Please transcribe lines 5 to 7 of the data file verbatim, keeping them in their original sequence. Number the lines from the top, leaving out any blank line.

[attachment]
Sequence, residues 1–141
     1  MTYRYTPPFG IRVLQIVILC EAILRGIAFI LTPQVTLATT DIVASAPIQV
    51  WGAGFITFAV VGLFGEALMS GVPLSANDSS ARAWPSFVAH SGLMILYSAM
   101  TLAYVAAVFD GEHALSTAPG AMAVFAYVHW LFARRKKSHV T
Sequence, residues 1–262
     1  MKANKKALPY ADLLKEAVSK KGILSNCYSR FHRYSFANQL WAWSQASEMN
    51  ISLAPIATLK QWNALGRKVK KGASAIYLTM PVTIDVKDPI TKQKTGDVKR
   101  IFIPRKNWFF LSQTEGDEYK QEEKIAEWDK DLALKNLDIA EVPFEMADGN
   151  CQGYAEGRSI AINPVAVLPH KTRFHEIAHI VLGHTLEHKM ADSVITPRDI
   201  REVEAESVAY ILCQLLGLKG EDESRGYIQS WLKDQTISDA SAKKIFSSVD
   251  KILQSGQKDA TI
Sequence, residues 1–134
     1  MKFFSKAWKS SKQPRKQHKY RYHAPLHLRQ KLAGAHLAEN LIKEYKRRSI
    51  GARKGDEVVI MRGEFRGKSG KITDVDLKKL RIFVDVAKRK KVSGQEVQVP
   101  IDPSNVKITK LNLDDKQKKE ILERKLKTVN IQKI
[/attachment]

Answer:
Sequence, residues 1–262
     1  MKANKKALPY ADLLKEAVSK KGILSNCYSR FHRYSFANQL WAWSQASEMN
    51  ISLAPIATLK QWNALGRKVK KGASAIYLTM PVTIDVKDPI TKQKTGDVKR